I do not reproach, I simply note that this is the case. You will tell me.
This reflection on what in my view are the two major issues in the national debate or dialogue, how to achieve autonomy and prosperity in these difficult times, also leads me to reflect on the obstacles that stand in the way, and from my point of view the policy of the United States towards Cuba with its two main aspects: economic, commercial and financial blockade; and persistent interference in Cuba’s internal affairs still carries a lot of weight. The latter is not only the governmental action legislated in the Helms-Burton Act, but it has become the center of the political practice of many groups and individuals living in South Florida, who were and are friends or schoolmates and even relatives of those of us who are here. Believe me, something similar happened to us – I personally had a cousin and several school friends who lent themselves to the Playa Giron invasion – .
I know that many will disagree and put in first place actions of the Cuban government as the culprits of our difficulties. And they have a right to think so because they are not wrong, there have been mistakes. But I believe that the evidence is there, particularly during the last few years under the previous US administration which tried, by all means at its disposal, to aggravate all the contradictions and internal tensions to achieve what was proposed in April 1960 in the infamous Mallory Memorandum: “to produce hunger, desperation and the overthrow of the Cuban government”. Even after losing the elections on November 3, that administration continued to sanction Cuba until shortly before the handover of power, and continued to grant funds to stimulate a social outbreak in our country.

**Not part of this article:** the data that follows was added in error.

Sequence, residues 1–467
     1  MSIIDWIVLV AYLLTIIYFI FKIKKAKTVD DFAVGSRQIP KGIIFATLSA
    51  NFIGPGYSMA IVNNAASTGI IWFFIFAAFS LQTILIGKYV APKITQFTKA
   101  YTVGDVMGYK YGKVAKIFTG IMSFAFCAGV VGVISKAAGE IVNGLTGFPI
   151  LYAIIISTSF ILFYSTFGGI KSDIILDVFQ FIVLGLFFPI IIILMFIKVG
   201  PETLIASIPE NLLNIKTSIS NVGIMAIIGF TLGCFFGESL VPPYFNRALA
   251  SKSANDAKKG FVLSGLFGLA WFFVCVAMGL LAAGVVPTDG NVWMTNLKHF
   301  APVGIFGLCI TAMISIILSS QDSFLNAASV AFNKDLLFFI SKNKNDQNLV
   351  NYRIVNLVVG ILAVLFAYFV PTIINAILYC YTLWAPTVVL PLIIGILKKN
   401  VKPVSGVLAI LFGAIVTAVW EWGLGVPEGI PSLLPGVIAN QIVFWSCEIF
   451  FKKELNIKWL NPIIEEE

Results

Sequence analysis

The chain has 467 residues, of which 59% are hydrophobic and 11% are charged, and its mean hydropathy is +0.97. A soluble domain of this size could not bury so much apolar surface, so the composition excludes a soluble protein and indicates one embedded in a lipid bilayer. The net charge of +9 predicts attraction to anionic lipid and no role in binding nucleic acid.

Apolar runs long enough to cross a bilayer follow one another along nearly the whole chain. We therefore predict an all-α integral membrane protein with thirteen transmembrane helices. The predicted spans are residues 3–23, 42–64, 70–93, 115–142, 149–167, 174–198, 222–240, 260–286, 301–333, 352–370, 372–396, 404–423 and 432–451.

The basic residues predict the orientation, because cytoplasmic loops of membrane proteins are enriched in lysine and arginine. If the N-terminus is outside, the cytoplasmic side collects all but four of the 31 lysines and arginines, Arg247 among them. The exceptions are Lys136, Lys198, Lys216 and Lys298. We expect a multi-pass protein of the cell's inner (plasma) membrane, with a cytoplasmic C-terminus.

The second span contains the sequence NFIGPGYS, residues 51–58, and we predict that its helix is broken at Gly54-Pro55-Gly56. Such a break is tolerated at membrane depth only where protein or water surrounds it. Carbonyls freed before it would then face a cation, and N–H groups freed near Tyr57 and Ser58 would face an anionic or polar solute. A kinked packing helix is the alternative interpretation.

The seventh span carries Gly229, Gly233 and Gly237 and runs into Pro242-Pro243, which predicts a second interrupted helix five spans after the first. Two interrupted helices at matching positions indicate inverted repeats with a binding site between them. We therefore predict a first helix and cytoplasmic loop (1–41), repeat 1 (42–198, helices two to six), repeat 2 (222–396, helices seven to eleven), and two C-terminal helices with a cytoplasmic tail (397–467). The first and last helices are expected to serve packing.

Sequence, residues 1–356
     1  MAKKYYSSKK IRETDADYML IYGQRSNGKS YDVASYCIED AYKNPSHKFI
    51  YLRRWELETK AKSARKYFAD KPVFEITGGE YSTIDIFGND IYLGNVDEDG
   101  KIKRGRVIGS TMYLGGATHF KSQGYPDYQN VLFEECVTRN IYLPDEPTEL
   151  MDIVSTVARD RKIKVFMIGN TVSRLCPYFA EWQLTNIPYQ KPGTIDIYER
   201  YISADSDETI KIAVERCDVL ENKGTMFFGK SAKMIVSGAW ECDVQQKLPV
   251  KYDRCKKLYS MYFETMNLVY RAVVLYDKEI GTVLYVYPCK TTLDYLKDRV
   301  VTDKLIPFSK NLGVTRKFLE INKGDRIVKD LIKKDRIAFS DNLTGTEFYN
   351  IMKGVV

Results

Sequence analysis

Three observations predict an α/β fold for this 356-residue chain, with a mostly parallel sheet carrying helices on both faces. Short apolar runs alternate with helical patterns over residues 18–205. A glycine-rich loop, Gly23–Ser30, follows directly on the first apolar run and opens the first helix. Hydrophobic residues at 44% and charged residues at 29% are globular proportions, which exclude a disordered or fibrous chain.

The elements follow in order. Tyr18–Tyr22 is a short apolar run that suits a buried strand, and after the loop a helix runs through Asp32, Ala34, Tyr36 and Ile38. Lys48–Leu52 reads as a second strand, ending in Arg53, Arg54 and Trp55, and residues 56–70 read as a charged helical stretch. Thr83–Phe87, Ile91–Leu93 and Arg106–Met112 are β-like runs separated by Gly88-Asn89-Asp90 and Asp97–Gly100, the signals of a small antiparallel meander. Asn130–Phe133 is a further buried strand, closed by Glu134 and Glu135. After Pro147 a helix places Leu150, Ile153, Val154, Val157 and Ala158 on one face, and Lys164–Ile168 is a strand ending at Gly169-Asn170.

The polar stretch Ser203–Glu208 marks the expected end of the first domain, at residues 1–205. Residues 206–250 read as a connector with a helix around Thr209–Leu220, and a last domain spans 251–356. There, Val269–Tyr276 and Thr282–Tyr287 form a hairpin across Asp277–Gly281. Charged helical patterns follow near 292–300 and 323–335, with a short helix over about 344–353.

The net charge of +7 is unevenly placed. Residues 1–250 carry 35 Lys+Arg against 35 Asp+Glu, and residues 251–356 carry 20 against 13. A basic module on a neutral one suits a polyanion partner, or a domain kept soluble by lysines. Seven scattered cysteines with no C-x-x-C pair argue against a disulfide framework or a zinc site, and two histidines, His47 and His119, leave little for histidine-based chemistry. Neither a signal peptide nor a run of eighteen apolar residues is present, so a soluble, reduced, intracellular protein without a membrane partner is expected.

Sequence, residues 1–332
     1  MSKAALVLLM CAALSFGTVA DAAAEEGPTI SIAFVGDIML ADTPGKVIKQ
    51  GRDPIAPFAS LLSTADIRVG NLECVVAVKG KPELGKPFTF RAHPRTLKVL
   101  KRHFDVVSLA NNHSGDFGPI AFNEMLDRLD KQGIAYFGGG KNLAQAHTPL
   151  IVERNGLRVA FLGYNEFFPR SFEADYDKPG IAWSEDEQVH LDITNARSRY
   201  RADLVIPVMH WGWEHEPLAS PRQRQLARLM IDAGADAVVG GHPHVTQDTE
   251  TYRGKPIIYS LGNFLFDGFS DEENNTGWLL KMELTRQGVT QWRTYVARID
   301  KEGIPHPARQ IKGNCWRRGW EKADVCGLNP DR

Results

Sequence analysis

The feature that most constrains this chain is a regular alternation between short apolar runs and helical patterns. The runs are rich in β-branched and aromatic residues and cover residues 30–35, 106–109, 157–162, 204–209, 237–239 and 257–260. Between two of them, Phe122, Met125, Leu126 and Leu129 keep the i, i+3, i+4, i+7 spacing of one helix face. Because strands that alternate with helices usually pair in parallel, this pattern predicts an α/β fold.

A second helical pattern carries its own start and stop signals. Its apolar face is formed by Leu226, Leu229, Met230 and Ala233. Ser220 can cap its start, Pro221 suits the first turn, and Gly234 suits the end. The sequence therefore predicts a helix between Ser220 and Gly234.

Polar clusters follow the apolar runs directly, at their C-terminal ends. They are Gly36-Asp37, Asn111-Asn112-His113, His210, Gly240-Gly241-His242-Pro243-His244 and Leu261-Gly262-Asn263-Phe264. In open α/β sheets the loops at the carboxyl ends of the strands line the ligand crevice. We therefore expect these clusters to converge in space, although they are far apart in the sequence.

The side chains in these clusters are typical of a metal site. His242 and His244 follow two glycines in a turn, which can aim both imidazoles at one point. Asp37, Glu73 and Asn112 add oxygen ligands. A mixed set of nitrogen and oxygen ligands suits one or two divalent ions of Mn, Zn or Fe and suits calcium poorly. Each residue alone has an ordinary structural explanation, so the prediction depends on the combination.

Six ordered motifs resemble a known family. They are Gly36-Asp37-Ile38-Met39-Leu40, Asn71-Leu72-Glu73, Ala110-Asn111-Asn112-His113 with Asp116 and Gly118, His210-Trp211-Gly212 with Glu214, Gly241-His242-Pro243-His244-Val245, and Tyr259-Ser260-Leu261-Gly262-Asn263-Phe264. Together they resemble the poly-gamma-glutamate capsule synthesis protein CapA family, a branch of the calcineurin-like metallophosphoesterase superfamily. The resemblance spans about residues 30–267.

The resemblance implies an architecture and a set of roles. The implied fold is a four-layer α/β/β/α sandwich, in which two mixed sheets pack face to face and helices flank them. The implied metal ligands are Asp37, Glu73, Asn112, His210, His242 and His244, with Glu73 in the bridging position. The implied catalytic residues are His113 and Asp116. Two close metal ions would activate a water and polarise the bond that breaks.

So, even though I know that the new administration may change things and return to Obama’s policy, this is something that cannot be forgotten in any dialogue or political action today.
And this argumentation, which I do not ask to be shared, but to be considered, leads me to the main point I want to make in this pronouncement which is at the same time very personal. As it is common knowledge, I was among the signatories of the first document of “Articulación Plebeya”. I did so on Saturday morning, November 28, when it seemed that the dialogue requested after the San Isidro incidents had come to fruition. My purpose was to support that dialogue. Like Fernando Perez, I thought that I was traveling to the future.
I am one of those who think that some of the demands that were presented by the 30 who participated in that early morning meeting, related to Decree Law 349, are legitimate. In fact, if I were the Minister of Culture, I would have asked the President a long time ago to repeal that decree and would have summoned the whole intellectual community to a deliberation exercise to draft together a new one, or several, because, in my opinion, a defect of Law 349 is that it wanted to cover too much and in different fields.
The experience since November 28, and in particular what happened after January 27, reveals a bitterness and intolerance that is regrettable. I believe that, together with efforts to put dialogue on track by sectors in the government, there have been and there are also unacceptable mistakes and practices by others within the government that I respectfully invite to reconsider. But I also perceive that among those who call for dialogue there are behaviors of defiance and confrontation, which do not foster trust and facilitate the work of those who do not want dialogue. I am not going to point the finger at anyone. I am only inviting to reflect.